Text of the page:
by Neta Reich Nelson

Srezcko Felix Fortunato Asher Stanley Reich:

His name includes nearly one for each of the 6 languages my father speaks, and describes his history, beginning in Koprivnica Yugoslavia, speaking Croatian, Yiddish, and German. He survived concentration camp [Loborgrad], but lost his father and brothers. After escaping to Italy, German proved useful in obtaining food from the occupying army, to bring to his mother hidden in a convent while he was hidden in a nearby monastery; however Italian was essential for meeting girls in Rome. He then fulfilled the dream of aliyah, fought in Israel’s independence war and again in the Sinai Campaign. My mother is from Sátoraljaújhely, Hungary; she survived the war in a Budapest orphanage and sailed the Exodus in 1947 attempting to reach Palestine. They met on a kibbutz, and in 1958 we immigrated to the US. My sister’s arrival completed our tiny UN of 4 nations in one household. My grandmother believed that my parents were fated to meet, yet it took the holocaust and upheaval of Europe, with its mixing and leveling of Jewish socio-economic layers, to bring them together in Israel. Their story is neither typically holocaust nor immigrant, but uniquely American where anything is possible.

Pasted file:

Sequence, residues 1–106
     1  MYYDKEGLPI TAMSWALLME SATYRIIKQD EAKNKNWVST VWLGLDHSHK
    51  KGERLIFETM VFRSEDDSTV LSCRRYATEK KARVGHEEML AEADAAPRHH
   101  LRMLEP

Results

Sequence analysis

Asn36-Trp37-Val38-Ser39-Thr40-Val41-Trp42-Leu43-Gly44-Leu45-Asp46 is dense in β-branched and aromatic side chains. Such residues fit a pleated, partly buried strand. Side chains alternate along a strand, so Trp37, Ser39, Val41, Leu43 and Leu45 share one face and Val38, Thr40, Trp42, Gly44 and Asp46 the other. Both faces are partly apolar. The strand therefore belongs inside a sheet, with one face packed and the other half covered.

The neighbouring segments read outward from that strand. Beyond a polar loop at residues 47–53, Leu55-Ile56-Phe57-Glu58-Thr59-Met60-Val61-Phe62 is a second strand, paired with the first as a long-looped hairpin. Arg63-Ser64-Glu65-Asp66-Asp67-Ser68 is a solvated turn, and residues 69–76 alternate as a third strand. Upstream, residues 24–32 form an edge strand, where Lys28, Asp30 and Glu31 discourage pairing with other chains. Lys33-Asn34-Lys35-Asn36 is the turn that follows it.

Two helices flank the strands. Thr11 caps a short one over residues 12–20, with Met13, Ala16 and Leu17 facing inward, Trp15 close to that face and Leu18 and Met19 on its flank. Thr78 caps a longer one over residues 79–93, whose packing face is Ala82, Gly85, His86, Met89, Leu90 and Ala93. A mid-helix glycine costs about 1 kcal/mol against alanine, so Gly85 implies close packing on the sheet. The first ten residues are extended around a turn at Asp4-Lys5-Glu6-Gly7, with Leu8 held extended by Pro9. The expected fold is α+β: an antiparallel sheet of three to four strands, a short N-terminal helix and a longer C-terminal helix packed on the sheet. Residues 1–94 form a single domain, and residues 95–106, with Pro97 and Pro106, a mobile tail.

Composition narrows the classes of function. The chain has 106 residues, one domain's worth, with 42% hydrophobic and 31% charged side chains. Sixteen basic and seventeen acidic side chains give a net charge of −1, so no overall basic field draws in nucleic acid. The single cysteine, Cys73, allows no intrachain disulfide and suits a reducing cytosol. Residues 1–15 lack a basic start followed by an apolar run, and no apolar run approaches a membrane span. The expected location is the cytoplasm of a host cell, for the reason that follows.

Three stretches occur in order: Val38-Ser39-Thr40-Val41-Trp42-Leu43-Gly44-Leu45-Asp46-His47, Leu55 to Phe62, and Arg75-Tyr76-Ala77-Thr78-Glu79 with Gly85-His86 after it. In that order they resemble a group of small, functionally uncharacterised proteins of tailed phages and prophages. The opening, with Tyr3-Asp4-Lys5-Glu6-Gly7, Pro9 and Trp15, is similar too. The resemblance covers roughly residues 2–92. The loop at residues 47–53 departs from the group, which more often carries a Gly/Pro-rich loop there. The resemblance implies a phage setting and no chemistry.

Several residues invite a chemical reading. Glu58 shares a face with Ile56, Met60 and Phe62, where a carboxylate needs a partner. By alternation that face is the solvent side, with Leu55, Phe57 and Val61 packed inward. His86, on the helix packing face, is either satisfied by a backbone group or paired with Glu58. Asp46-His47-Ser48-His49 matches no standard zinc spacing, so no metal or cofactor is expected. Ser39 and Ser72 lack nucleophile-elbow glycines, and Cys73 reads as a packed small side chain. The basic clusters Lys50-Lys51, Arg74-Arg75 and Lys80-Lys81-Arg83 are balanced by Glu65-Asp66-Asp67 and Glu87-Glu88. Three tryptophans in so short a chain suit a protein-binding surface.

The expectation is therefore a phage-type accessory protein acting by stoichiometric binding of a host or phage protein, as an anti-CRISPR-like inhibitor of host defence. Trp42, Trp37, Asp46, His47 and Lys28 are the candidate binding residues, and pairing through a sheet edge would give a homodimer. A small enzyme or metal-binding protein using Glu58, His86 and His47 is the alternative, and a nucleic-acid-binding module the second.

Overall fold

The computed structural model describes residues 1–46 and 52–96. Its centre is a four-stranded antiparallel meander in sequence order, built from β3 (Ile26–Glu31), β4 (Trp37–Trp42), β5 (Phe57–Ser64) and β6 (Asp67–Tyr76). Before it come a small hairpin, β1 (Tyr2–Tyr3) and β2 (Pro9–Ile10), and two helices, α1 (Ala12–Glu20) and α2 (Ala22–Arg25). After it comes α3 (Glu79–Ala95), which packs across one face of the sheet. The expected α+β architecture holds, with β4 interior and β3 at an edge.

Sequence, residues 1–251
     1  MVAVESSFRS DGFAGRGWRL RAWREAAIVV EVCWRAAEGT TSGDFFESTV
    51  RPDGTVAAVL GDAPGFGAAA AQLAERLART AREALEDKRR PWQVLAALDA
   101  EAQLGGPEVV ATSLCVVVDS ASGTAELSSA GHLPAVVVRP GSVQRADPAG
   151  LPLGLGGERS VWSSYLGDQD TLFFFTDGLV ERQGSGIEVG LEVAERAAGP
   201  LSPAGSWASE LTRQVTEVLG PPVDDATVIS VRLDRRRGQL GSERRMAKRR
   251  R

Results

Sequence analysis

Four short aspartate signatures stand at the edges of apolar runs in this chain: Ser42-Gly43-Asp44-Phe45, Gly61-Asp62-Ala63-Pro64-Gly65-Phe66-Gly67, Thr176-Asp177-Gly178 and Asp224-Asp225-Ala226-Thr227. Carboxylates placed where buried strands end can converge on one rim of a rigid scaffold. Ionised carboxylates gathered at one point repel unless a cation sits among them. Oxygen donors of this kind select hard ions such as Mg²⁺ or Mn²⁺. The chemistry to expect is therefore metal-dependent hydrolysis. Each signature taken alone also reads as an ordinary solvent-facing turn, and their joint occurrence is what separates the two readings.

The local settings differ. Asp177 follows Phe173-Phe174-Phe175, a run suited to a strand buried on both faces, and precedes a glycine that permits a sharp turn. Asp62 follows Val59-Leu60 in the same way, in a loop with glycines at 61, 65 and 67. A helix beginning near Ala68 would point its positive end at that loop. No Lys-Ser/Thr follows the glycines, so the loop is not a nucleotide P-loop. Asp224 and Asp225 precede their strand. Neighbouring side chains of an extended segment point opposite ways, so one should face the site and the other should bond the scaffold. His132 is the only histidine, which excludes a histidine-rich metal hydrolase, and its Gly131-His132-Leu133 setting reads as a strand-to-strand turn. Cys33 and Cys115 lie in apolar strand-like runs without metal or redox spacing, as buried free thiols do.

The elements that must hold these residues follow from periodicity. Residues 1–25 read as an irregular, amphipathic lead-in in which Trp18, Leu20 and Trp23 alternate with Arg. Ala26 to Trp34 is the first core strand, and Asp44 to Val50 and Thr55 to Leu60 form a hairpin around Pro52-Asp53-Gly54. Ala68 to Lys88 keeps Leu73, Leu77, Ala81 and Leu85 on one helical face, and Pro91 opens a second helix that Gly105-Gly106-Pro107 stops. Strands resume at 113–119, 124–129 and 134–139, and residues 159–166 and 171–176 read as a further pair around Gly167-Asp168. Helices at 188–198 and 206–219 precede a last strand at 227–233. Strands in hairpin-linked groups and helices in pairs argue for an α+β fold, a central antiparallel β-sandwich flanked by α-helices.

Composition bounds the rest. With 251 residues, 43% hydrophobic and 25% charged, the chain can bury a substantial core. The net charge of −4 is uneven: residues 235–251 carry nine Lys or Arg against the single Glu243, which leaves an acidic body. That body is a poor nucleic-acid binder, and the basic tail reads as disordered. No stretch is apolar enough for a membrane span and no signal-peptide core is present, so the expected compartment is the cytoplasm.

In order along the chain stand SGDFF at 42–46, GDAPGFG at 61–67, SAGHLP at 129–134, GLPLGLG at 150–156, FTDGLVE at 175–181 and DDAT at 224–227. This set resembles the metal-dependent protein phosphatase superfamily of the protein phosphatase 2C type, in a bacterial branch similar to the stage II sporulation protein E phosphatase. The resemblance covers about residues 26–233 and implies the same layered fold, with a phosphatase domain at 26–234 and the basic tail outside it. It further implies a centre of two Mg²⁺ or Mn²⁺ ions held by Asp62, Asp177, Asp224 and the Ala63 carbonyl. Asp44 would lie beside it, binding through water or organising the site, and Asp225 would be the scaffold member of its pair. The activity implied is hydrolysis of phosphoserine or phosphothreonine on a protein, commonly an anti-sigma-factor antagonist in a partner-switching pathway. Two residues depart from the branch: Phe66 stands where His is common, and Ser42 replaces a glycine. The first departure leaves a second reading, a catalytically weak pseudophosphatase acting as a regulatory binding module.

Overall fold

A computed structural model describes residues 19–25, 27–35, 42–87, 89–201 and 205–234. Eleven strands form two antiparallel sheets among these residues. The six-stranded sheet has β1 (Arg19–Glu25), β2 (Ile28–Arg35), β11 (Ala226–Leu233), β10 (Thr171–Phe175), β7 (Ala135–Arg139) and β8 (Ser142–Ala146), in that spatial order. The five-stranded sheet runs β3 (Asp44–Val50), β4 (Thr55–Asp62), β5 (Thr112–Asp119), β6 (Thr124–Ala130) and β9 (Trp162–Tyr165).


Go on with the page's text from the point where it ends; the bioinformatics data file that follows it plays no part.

I learned from them that one can lose everything and still go on. Home is where you make it; if it doesn’t work out in one place, you can start and restart again somewhere else. Dad also taught me love of music, travel, boats, hiking, climbing, and soccer. He kindly scheduled his bar mitzvah around the World Cup, so that we can watch games together on the weekend.

My father has had a full life with a very loving family. Clearly, Dad became a man a long time ago, although we wonder if he ever really grew up. Yet perhaps something was missing if he persevered, in his 76th year, to become a bar mitzvah. Dad thought about this a long time, but while raising two daughters, running a business, and moving around, he didn’t get to it until now. So will he become a man today and finally grow up? He’s already that and as grown up as he’ll ever be. We think of a milestone as occurring at a specific time in life; that one’s achievements should follow in some expected order. But a milestone can happen anytime to have meaning and importance. It’s an achievement or event that helps to complete the whole, especially if it provides something that’s missing. Nothing can restore what is irretrievably lost. But I hope that today, becoming a bar mitzvah or son of the commandments, will bring to my father fulfillment of an interrupted upbringing. It will also join the spiritual portion of Judaism, exemplified by the tallit that his Ima gave him on his 40th birthday, with the Israeli nationalism that Dad embodies already. Dad, congratulations. I’m very proud of you.